LOS ANGELES — Reese Witherspoon is going global with Avon Products Inc.
The direct-sales company announced Wednesday that the 31-year-old actress has agreed to a multiyear deal to be spokeswoman for Avon’s beauty brands and representatives, and honorary chairman of the Avon Foundation focusing on breast cancer, domestic violence and emergency relief initiatives.
Avon declined to disclose terms, but industry sources estimate Witherspoon could be paid $1 million-plus a year to be the company’s so-called “global ambassador.”
“There is such power in the idea of empowering women through making them feel good and building their self-esteem,” said Witherspoon, clad in a white Nina Ricci top and skirt, during a press conference at the Beverly Wilshire Four Seasons Hotel. “Avon does a good job of that, not only in the products, but also in working with the Foundation.”
Andrea Jung, Avon’s chairman and chief executive officer, has been spearheading a corporate turnaround effort characterized by cost-cutting at the organizational and infrastructure levels, and increases in Avon’s advertising budget and outreach to celebrities and designers. Witherspoon is the linchpin of “Hello Tomorrow,” Avon’s first global advertising campaign, which was launched in March.
“It was an important decision for us to decide to have a global ambassador, which is a very new, first-time role in 121 years,” said Jung in an interview following the press conference. “Reese was at the top of our list. She is an extraordinary actress, an incredible producer and the ultimate working mother. Very importantly, [she is] accessible, approachable and, I think, shares the vision, the values of the company and the dreams of women.”
Avon quickly has been building up its contingent of Hollywood spokespeople. Jennifer Hudson was brought on to front Avon’s Imari fragrance brand, and Lauren Conrad teamed up with Mark, Avon’s makeup line tailored to women 18 to 24 years old. Last year, Avon’s advertising budget increased 83 percent, and Jung reported the company would boost the budget by 50 percent this year.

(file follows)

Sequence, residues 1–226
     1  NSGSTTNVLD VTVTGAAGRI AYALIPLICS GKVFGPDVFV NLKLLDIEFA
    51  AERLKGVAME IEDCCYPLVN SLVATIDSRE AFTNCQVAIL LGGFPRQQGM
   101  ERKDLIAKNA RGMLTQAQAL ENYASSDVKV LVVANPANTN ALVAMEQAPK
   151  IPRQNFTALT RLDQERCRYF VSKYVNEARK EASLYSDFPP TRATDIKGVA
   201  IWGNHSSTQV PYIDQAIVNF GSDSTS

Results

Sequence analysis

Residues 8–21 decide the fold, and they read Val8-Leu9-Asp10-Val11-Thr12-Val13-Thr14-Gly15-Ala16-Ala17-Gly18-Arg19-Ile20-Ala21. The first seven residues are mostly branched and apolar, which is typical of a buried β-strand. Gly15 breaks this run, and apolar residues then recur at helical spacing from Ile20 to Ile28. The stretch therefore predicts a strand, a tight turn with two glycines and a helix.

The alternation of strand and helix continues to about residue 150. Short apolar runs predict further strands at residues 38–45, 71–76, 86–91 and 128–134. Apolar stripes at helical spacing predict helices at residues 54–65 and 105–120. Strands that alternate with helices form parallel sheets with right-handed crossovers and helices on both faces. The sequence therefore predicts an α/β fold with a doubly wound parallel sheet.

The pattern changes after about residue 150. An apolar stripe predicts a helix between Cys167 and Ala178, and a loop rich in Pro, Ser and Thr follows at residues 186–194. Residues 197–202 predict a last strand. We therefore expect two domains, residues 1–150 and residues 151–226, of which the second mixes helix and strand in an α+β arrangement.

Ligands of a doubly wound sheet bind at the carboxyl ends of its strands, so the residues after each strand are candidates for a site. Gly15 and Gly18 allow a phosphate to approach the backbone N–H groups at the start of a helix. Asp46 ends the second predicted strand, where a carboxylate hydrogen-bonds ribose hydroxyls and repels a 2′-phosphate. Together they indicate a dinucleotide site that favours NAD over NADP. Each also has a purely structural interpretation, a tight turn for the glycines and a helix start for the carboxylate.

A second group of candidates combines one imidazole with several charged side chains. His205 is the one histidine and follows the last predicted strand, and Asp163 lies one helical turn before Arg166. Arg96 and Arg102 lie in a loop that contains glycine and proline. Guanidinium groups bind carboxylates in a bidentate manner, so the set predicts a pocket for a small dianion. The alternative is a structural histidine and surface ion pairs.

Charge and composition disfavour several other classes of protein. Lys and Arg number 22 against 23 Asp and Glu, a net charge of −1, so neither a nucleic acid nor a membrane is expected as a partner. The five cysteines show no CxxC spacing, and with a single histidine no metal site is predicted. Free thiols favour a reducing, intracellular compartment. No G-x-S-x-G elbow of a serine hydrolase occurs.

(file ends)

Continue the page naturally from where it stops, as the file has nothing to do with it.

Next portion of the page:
“As we go forward, we continue to keep the brand extremely relevant, and that involves everything from product innovation and making sure that — whether it is product delivery, packaging [or] convenience — we are always on the latest and greatest trends,” said Jung. “When you add that Reese will be the spokesperson for the brand, we really believe that we can keep the brand on the forefront, not just of the American consumer, but the global consumer, as well.”
This story first appeared in the August 2, 2007 issue of WWD. Subscribe Today.
Witherspoon said she would be starting on the advertising campaign “soon,” and Jung expects that the “Walk the Line” star’s ads would begin running early next year. Avon plans to have Witherspoon involved in product development, but what exactly she will contribute is unclear. Jung kept mum on the products that would be launched next year in tandem with the Witherspoon-centered advertising.
“I know a lot of women who need really great beauty products. I want to focus on what women are really wanting and out there looking for,” said Witherspoon in a post-press conference interview when asked about her product-development input. “Also keeping it affordable, but really high quality, I think that is really important.”
Witherspoon’s charitable work for Avon kicked off Wednesday afternoon, with the actress meeting women training for the Avon Walk for Breast Cancer. “It is a very multifaceted role that I am going to be playing,” she said.
Inter Parfums SA Buys Lanvin Division
PARIS — Inter Parfums SA has acquired Lanvin SA’s fragrance and cosmetics business for 22 million euros, or $30 million at current exchange.
A buyback option, which can be implemented on July 1, 2025, and a technical assistance and design agreement are part of the deal.
Lanvin said in a statement the sale was made to ensure it has the investment required for the ongoing development of its ready-to-wear and luxury accessories, which are experiencing “very significant growth.”